In the penultimate battle of the first round, we have a South African missionary and martyr taking on an early 4th century martyr from Antioch. Courage (and at least one dragon) abounds in this battle between Bernard Mizeki and Margaret of Antioch with the winner to face Jackson Kemper in the Saintly Sixteen.
Yesterday in the Battle of the Greats, Dionysius the Great proved his greatness by defeating Irene the Great, 58% to 42%. Wondering how things are progressing? Check out the updated Bracket.
And in case you missed this week's stirring edition of Monday Madness: Global Edition, Tim and Scott awarded the first ever Lent Madness Medal of Valor. Oh, and they also coined the term "Servermaggedon."
Bernard Mizeki is one of the most beloved martyrs in South Africa. Each year on June 18, one of the largest Christian gatherings in Africa takes place as part of the celebration of his feast day.
Born in Portuguese East Africa in 1861 and educated by the Cowley Fathers, Mizeki began his working life offering hospitality in the Fathers' Hostel for African men. Under their tutelage and with the additional evangelical efforts of a German missionary, Mizeki was baptized in 1886. Shortly after, he left his job at the hostel and began his training as a catechist.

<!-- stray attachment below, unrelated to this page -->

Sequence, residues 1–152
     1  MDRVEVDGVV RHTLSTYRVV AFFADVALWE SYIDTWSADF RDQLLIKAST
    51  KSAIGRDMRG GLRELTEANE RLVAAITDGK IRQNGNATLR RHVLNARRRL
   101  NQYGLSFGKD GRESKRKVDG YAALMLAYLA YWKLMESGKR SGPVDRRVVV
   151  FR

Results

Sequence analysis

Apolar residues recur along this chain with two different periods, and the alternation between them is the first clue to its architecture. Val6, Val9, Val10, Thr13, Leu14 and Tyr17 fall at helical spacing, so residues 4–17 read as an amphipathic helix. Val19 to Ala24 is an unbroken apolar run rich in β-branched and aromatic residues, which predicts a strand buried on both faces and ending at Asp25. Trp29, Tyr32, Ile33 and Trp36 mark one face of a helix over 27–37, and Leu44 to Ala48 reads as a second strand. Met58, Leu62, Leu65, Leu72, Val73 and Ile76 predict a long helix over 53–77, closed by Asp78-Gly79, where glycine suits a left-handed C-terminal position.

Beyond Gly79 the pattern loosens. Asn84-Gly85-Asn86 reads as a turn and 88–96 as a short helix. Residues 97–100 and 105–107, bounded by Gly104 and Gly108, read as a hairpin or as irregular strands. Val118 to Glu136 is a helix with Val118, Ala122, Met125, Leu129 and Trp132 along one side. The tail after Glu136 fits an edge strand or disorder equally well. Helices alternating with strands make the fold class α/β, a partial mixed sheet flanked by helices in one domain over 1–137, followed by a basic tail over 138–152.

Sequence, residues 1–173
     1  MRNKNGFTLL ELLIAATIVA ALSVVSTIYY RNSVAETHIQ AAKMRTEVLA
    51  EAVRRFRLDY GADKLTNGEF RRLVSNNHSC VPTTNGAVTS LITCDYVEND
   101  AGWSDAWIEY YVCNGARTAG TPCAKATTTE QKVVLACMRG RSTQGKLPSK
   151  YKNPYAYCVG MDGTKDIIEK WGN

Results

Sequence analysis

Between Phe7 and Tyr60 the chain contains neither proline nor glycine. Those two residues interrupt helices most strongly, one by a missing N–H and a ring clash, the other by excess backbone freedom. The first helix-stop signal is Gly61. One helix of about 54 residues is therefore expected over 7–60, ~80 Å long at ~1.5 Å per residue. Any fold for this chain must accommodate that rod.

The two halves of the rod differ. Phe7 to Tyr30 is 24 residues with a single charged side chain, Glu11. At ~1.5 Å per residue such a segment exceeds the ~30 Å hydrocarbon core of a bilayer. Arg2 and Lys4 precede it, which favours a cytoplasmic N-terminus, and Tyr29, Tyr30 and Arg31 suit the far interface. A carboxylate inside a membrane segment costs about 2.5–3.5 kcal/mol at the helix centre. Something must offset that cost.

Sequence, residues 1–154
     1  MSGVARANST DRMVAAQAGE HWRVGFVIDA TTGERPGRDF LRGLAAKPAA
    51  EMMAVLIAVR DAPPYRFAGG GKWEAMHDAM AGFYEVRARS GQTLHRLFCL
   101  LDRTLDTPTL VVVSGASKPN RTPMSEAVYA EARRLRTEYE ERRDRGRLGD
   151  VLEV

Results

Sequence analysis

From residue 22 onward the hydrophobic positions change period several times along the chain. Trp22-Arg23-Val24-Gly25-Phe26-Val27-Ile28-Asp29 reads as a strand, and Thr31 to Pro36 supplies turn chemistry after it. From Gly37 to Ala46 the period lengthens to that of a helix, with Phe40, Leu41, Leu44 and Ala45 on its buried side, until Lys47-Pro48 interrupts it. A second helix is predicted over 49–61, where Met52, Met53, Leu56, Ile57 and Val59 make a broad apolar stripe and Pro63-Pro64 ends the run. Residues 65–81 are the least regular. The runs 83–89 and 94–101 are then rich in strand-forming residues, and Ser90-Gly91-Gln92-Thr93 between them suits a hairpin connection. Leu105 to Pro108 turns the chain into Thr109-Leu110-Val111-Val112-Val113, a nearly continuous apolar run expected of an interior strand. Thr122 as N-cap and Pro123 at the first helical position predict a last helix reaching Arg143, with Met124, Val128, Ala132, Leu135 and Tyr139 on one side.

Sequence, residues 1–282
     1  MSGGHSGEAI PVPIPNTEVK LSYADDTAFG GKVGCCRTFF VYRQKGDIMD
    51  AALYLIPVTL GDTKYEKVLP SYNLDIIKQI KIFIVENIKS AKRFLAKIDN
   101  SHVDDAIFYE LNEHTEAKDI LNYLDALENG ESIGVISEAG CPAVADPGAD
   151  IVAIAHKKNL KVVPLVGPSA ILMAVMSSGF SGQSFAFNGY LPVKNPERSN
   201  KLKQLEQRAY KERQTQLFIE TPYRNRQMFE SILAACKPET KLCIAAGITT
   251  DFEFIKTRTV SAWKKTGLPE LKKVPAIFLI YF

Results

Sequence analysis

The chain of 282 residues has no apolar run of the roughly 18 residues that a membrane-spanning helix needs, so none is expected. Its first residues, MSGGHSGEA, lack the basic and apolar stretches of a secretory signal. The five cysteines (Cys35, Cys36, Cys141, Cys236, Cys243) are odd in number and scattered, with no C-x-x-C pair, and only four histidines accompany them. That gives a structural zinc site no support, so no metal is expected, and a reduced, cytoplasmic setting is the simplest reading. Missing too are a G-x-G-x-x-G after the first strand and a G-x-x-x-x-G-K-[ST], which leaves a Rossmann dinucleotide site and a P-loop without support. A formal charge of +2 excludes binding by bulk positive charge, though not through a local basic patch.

Mizeki’s calling as a catechist and his innate gift for language made him a natural fit as a partner to missionaries working in what is now known as Zimbabwe. He and his wife provided pastoral care and formation to the people in and around the Marondera district, taking special care to explain the Christian faith in ways that used the indigenous culture to undergird the primacy of the gospel of Jesus. Mizeki understood the importance of respecting cultural integrity and had an ardent desire to preach the good news.
In a decision repeated by Martin Luther King, Jr. more than fifty years later, Mizeki refused to allow death threats and intimidation from local authorities to keep him silent. Mizeki was truly a shepherd to his sheep until the end of his life. During an 1896 uprising, Mizeki was attacked outside of his hut. In an effort to staunch his wounds and give him comfort, his wife and a friend ran back into the dwelling to retrieve food and blankets. Reporting a bright flash of light and a sound like many beating wings, the two helpers were unable to find Bernard’s body on returning to the spot where he had fallen. While his final resting place remains unknown, Bernard Mizeki’s faith and trust in the love and life of Jesus is unmistakable.
Collect for Bernard Mizeki
Almighty and everlasting God, who kindled the flame of your love in the heart of your holy martyr Bernard Mizeki: Grant to us, your humble servants, a like faith and power of love, that we who rejoice in his triumph may profit by his example; through Jesus Christ our Lord, who lives and reigns with you and the Holy Spirit, one God, for ever and ever. Amen.